“The path to financial wellness is rarely linear. Inevitably, there will be setbacks, which often present new opportunities to course correct. The important thing to remember is there are small steps you can take today—like checking your account balance—that will propel you forward to create a healthy, sustainable and resilient financial future,” said
The findings revealed financial “faux pas” related to budgeting are the most common type of money misstep, followed by savings, debt management, investing, and insuring. For example, nearly half (47%) of consumers who committed a budgetary “faux pas” reported they had fallen victim to sudden spending whims more often than other types of budgeting “faux pas,” such as spending beyond their means or paying for subscription services that go unused.
Additionally, among those who made savings “faux pas”:
- 1 in 3 respondents didn’t save for an emergency.
- More than 1 in 4 admit to spending their tax return.
- More than 1 in 5 admit to not contributing to retirement savings.
“The truth is not all ‘faux pas’ are created equal,” continued Cotla. “Some false steps with finances may be common, but that doesn’t mean they aren’t serious. In fact, 1 in 3 consider not saving enough/waiting too long to save for retirement to be the most severe of financial ‘faux pas.’ If not addressed promptly, such missteps can be a slippery slope.”
Financial Confidence Does Not Equal Immunity to Budgeting Missteps
Interestingly, despite feeling more confident in their financial know-how, younger generations more often have budgeting issues compared to older generations. For example, 1 in 5 Millennials consider themselves a financial expert, compared to fewer than 1 in 10 Baby Boomers. Additionally, 1 in 3 Millennials who committed budgeting “faux pas” reported feeling afraid to check their bank account, compared to 1 in 5 Gen-Xers and just 1 in 10 Baby Boomers.
Bouncing Back from Financial “Faux Pas” May Take Less Time Than You Think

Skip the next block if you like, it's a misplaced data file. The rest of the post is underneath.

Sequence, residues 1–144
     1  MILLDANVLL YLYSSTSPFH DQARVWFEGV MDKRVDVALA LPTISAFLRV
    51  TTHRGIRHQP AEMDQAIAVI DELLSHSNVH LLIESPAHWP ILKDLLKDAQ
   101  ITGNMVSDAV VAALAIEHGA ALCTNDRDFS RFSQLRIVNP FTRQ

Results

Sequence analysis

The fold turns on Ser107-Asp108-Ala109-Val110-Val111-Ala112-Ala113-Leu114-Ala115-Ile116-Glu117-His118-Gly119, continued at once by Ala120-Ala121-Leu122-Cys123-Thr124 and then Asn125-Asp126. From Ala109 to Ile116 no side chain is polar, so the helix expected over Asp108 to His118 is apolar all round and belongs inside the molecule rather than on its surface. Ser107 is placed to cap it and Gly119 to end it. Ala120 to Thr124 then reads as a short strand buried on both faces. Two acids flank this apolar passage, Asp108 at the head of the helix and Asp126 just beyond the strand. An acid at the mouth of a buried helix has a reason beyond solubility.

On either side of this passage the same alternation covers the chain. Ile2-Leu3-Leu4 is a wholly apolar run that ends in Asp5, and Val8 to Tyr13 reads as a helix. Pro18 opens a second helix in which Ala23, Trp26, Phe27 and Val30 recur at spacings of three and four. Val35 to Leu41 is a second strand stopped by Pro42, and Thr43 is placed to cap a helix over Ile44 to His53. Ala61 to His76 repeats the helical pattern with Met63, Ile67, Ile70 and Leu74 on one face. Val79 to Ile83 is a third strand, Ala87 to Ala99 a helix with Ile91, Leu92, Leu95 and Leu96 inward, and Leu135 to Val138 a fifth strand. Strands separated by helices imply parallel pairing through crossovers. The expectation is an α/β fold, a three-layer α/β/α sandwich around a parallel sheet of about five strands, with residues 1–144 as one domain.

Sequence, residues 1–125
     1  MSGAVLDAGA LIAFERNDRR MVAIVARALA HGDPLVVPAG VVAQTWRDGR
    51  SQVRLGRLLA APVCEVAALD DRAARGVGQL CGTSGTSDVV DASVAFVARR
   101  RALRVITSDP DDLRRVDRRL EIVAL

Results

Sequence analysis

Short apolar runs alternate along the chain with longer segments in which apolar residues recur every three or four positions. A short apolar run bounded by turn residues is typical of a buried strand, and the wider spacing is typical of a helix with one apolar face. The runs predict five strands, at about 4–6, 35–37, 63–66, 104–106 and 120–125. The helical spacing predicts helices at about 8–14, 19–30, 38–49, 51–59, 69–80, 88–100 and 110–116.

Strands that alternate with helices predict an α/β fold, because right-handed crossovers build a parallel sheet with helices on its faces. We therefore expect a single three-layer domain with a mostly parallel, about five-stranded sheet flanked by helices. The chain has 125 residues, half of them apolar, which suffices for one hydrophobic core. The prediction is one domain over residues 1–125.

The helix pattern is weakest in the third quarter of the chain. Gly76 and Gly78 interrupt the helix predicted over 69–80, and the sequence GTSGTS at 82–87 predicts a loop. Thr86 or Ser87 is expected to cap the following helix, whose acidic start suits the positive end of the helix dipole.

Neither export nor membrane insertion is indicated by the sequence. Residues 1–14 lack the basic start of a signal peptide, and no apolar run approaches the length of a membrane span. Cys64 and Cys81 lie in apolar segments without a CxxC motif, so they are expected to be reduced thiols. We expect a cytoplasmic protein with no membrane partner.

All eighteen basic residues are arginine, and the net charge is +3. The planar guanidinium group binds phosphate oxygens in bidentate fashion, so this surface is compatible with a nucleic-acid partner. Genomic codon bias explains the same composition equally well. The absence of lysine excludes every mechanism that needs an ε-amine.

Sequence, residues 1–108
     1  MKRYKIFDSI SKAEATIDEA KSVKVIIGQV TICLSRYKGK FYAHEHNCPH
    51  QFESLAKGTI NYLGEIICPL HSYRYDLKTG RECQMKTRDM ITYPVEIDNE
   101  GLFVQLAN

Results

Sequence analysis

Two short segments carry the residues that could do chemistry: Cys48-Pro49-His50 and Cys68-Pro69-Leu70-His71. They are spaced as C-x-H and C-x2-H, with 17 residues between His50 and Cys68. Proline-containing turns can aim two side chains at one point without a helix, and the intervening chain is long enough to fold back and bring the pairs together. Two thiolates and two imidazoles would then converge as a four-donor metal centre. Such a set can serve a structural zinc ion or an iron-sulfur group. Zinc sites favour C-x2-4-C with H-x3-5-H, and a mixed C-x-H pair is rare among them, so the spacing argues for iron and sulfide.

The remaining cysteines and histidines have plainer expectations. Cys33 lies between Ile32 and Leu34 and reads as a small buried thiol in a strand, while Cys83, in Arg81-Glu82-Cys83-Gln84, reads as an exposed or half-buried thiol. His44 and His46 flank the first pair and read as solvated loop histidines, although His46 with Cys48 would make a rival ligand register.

The good news is a large majority of respondents who committed a financial “faux pas” (89%) feel they can recover within five years. In fact, most people (59%) prefer to face their financial “faux pas” head on. Those who have made a financial misstep will either turn to their spouse/significant other or a family member for support (48%), investigate online resources (26%) or seek counsel from a banker/financial advisor (22%). However, 22% don’t talk to anyone because they’re either too embarrassed or aren’t sure who to talk to.
“Don’t overlook the resources at your disposal, especially when you have the option to build a financial team with your banking partner. With the help of Key’s
In fact, 65% say they are most likely to take these three steps to prevent money mistakes in 2020:
- Identify and prioritize “needs” vs. “wants” (30%)
- Determine a monthly budget and revisit on a weekly basis (22%)
- Educate themselves through financial literacy courses (13%)
Continued Smith, “We’re here to help you move forward on your financial wellness journey, wherever you are along the way. We encourage everyone to set up an appointment with their local
For additional information, articles and tips on getting your financial life in shape, visit www.key.com/resolutions
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